BART strike leads to traffic congestion in SF, around Bay Area

AP Photo/Eric RisbergWith the BART transit system on strike

AP Photo/Eric RisbergWith the BART transit system on strike

Bay Area freeways, especially those leading to the San Francisco-Oakland Bay Bridge, saw an increase in traffic Friday on the first day of a BART strike, the California Department of Transportation reported.

Bay Area traffic delays increased around 30 percent above normal between 5 and 10 a.m., according to Caltrans spokesman Bob Haus.

The largest increase was seen on Interstate Highway 80 in Alameda and Contra Costa counties, Haus said.

Interstate Highways 580 and 880 saw delays around twice as high as normal around 7 a.m., and the carpool lane on Interstate Highway 80 leading up to the Bay Bridge saw around 50 to 100 percent more traffic than a typical Friday, Haus said.

The backup was felt in San Francisco, where city streets were heavily congested heading into the evening commute, especially at freeway entrances, according to a city transit official.

The Van Ness Avenue corridor was moving, but many other key intersections around the city were congested, especially at freeway entrances, said Paul Rose, a spokesman for the San Francisco Municipal Transportation Agency.

“The only thing you can do is be patient at this point,” Rose said.

Rose said Muni was not heavily affected by the traffic backup because it has transit-only lanes in the most affected areas.

One driver reported that the Fifth Street and Second Street on-ramps to eastbound Highway 80 in San Francisco were already severely backed up by 4 p.m., with waits of more than 45 minutes.

Many cars gave up and turning around, presumably in search of alternate routes, the driver said.

The California Highway Patrol reported heavy traffic on the Bay Bridge on Friday evening, although other areas so far look relatively normal, a CHP officer said.

With many drivers seeking alternate routes due to the BART strike, however, the congestion is extending to other corridors, said Randy Rentschler, a spokesman for the Metropolitan Transportation Commission.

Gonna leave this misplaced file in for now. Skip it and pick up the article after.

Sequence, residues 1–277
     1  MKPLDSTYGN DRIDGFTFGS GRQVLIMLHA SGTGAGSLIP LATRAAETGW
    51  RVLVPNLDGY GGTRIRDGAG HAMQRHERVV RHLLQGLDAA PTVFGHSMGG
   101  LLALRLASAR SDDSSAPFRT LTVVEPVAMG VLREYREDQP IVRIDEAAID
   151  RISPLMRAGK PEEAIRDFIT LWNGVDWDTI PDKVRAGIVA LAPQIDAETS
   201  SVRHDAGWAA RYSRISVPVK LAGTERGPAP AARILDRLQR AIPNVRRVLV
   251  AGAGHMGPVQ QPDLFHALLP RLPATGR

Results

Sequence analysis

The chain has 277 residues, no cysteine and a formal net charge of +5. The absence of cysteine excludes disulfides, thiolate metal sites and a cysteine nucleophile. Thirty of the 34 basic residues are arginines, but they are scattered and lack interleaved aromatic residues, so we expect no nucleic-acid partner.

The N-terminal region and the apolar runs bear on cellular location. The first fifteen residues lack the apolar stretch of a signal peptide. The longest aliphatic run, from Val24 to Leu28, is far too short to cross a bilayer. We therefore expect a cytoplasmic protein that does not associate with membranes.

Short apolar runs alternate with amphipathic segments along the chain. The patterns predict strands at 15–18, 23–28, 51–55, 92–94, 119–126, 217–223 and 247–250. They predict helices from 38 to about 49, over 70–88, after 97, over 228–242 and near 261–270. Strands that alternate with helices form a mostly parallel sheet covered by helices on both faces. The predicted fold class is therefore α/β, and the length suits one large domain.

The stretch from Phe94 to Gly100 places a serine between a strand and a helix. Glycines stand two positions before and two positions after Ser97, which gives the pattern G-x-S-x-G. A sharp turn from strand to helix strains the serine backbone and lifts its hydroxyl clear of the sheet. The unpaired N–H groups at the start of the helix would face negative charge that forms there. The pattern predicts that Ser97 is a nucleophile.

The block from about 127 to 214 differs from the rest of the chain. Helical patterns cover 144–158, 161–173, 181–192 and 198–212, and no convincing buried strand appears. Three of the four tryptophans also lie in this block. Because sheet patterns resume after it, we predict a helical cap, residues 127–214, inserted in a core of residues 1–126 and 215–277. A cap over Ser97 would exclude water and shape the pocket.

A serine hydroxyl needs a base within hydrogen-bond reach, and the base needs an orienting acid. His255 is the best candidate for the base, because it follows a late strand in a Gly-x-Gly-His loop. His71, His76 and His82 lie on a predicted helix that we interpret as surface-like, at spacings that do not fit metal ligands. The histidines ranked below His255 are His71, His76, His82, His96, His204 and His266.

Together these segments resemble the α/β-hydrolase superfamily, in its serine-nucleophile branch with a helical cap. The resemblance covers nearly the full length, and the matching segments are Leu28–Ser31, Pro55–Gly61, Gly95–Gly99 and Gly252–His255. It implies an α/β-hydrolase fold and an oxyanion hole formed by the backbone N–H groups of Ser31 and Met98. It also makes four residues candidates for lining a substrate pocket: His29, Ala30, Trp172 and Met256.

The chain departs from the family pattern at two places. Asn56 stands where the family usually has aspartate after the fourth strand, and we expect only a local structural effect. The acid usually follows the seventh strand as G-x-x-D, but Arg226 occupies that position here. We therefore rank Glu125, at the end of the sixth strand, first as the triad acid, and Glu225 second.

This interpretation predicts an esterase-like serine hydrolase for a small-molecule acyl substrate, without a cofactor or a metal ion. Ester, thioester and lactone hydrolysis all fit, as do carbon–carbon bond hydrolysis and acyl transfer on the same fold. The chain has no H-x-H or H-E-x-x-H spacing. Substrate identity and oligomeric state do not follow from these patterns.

Traffic Friday was heavy on the Highway 880 corridor and on state highways 24 and 37, among other places, Rentschler noted.

“What's happening now is [U.S. Highway] 101 in Marin is getting backed up because people are taking [Highway] 580, and 580 is backed up,”Rentschler said.

“So even though BART is far away, even though you don't take it, people are coming in from out of town,” Rentschler said.

BARTBay Area NewsTransittransportation

If you find our journalism valuable and relevant, please consider joining our Examiner membership program.
Find out more at www.sfexaminer.com/join/

Just Posted

Private vehicles were banned from much of Market Street in January 2020, causing bike ridership on the street to increase by 25 percent and transit efficiency by as much as 12 percent. (Kevin N. Hume/S.F. Examiner)
SFMTA board approves new Better Market Street legislation

Advocates say traffic safety improvements don’t go far enough to make up for lost bikeway

San Francisco City Hall is lit in gold and amber to remember victims as part of a national Memorial to Lives Lost to COVID-19 on Tuesday, Jan. 19, 2021. (Kevin N. Hume/S.F. Examiner)
San Francisco joins national COVID memorial ceremony

San Francisco took part Tuesday in the first national Memorial to Lives… Continue reading

The S.F. Police Department has canceled discretionary days off and will have extra officers on duty for Inauguration Day, chief Bill Scott said Tuesday. <ins>(Kevin N. Hume/S.F. Examiner)</ins>
SF ‘prepared for anything’ ahead of inauguration, but no protests expected

Authorities boosting police staffing, security at City Hall

Zero Grocery is among the Bay Area organizations delivering groceries in plastic-free packaging. (Screenshot)
Bye Trump, hello hope: SF can show US what’s possible

City’s climate efforts will shine under new administration

Dr. Grant Colfax, director of the San Francisco Department of Public Health, said Tuesday that The City received only a fraction of the COVID vaccine doses it requested this week. <ins>(Kevin N. Hume/S.F. Examiner)</ins>
Unpredictable supplies leave SF running low on COVID vaccine

Reported reactions to Moderna shots prompt hold on 8,000 doses

Most Read